IMDb > Rose of Washington Square (1939)
Rose of Washington Square
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Rose of Washington Square (1939) More at IMDbPro »

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Overview

User Rating:
6.8/10   320 votes »
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Director:
Writers:
Nunnally Johnson (screenplay)
John Larkin (based on a story by) ...
(more)
Contact:
View company contact information for Rose of Washington Square on IMDbPro.
Release Date:
5 May 1939 (USA) See more »
Genre:
Plot:
A singer becomes a star in the Ziegfeld Follies, but her marriage to a con man has a bad effect on her career. Full summary » | Add synopsis »
Plot Keywords:
User Reviews:
That's Entertainment...really! See more (14 total) »

Cast

  (in credits order) (verified as complete)

Tyrone Power ... Barton Dewitt Clinton

Alice Faye ... Rose Sargent

Al Jolson ... Ted Cotter

William Frawley ... Harry Long

Joyce Compton ... Peggy
Hobart Cavanaugh ... Whitey Boone
Moroni Olsen ... Mayor Buck Russell
E.E. Clive ... Barouche Driver

Louis Prima ... Band Leader
Charles C. Wilson ... Police Lt. Mike Cavanaugh
Hal K. Dawson ... Chump
Paul E. Burns ... Chump (as Paul Burns)
Ben Welden ... Toby
Horace McMahon ... Irving (as Horace MacMahon)
Paul Stanton ... District Attorney
Maurice Cass ... Mr. Mok
Harry Hayden ... Dexter

Charles Lane ... Sam Kress
Adrian Morris ... Jim
John Hamilton ... Judge
Winifred Harris ... Mrs. Russell
rest of cast listed alphabetically:
Carol Adams ... Minor Role (uncredited)
Murray Alper ... Eddie - Candy Butcher (uncredited)
Herbert Ashley ... Stage Doorman (uncredited)
Brooks Benedict ... Man in Box at Wintergarden (uncredited)
Ed Brady ... Cooch Show Spectator (uncredited)
Ralph Brooks ... Man in Audience (uncredited)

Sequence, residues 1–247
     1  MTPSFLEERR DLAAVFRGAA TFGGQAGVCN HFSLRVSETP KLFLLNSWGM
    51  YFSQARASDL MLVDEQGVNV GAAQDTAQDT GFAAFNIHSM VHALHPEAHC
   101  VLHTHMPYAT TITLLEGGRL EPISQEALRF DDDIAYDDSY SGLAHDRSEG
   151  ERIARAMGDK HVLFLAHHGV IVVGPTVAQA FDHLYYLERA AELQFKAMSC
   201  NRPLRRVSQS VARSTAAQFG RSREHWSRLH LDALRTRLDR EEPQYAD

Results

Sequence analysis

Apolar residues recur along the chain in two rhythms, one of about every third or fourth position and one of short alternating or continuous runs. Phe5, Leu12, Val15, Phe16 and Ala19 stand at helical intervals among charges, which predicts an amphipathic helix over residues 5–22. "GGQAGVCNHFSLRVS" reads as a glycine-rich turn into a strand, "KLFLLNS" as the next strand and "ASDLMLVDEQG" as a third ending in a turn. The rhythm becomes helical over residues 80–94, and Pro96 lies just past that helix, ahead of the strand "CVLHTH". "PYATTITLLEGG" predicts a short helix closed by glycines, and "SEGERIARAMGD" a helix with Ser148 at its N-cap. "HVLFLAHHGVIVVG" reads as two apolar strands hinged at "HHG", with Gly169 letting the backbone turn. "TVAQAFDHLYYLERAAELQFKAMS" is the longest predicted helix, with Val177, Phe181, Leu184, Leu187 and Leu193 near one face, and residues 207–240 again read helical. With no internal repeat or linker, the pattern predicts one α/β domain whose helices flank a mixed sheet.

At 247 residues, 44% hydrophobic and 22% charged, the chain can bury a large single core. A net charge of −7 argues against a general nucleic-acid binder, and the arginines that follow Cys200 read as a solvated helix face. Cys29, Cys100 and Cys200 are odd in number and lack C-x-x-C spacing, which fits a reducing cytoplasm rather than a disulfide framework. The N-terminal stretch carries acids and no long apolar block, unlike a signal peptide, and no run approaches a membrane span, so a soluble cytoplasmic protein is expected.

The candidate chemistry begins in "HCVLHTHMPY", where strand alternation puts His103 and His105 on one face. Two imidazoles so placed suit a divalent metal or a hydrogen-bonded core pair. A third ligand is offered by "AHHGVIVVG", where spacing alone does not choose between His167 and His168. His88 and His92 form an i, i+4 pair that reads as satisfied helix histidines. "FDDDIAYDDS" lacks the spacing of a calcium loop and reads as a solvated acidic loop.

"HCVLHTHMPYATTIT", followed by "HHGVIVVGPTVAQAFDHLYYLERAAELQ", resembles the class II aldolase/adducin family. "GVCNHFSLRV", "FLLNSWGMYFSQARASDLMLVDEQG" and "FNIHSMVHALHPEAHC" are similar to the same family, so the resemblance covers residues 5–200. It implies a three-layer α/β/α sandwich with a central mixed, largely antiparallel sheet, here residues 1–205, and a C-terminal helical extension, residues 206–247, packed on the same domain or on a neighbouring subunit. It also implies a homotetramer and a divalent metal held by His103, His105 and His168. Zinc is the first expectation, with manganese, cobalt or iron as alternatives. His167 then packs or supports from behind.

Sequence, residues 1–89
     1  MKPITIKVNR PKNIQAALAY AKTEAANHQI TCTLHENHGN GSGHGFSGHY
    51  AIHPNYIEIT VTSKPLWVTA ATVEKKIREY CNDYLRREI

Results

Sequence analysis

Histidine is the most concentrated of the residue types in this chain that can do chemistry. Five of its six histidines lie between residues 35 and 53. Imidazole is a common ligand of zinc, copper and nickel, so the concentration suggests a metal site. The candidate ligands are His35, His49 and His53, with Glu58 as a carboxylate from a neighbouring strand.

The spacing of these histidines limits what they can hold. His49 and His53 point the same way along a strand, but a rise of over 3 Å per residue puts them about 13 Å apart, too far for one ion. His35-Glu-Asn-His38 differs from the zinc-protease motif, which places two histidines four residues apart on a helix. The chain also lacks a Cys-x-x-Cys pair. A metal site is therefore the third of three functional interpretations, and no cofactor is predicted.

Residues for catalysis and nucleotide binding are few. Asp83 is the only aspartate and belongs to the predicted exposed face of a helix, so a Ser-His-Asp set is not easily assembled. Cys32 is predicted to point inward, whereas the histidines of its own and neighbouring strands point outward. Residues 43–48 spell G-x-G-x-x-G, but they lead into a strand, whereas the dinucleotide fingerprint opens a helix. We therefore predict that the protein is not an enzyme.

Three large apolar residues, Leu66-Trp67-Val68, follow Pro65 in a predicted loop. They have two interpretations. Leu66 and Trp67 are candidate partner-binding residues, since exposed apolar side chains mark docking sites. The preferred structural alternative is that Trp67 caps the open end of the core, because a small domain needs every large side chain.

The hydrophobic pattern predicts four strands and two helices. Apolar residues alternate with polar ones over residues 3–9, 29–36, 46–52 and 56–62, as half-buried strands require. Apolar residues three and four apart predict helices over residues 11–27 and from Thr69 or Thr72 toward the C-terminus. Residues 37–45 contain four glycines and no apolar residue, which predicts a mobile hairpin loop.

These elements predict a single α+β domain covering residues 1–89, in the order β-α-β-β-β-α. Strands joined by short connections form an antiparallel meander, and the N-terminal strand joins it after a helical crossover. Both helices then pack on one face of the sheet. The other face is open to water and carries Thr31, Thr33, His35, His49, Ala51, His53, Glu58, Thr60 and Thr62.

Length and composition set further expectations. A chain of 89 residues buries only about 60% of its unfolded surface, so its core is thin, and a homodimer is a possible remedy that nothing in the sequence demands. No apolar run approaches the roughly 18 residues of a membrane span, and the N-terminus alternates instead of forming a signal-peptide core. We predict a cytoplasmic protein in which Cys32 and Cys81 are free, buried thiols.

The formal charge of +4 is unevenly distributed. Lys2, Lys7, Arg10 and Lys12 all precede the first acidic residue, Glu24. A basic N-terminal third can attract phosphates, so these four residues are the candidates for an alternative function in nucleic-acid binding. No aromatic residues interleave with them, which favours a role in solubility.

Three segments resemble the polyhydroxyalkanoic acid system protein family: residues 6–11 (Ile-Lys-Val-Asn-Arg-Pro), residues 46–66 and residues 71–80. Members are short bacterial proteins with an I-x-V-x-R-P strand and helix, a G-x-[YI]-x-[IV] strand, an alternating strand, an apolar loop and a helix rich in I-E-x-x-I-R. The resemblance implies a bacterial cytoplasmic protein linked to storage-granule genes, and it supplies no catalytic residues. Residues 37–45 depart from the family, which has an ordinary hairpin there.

Chick Chandler ... Emcee at Theatre (uncredited)
Eddy Chandler ... Cop (uncredited)
Edward Cooper ... Butler (uncredited)
Edgar Dearing ... Lieutenant (uncredited)
Ralph Dunn ... Officer (uncredited)
Paul Ellis ... Frank - Ted's Attendant (uncredited)
Al Ferguson ... Court Officer (uncredited)
James Flavin ... Guard (uncredited)
Bess Flowers ... Dinner Guest (uncredited)
Oscar 'Dutch' Hendrian ... Man in Audience (uncredited)
Lew Hicks ... Bailiff (uncredited)
Paul Irving ... Music Publisher (uncredited)
Claire James ... Well-Wisher (uncredited)
Gladden James ... Court Bailiff (uncredited)
Leonard Kibrick ... Newsboy (uncredited)
Jack Luden ... Attorney (uncredited)
Charles McMurphy ... Music Conductor (uncredited)
Harold Miller ... Man in Front Row (uncredited)
George Mori ... Publisher (uncredited)
James C. Morton ... Speakeasy Bartender (uncredited)
William Newell ... Hotel Clerk (uncredited)
Arthur Rankin ... Newspaper Reporter (uncredited)
Cyril Ring ... Master of Ceremonies at Cast Party (uncredited)
Bert Roach ... Mr. Paunch (uncredited)

Robert Shaw ... Newspaper Reporter (uncredited)
Charles Tannen ... Newspaper Reporter (uncredited)
Stanley Taylor ... Lobbygow (uncredited)
Blue Washington ... Prisoner (uncredited)
Kenny Williams ... Dancer (uncredited)
Irma Wilson ... Miss Lust (uncredited)

Directed by
Gregory Ratoff 
 
Writing credits
Nunnally Johnson (screenplay)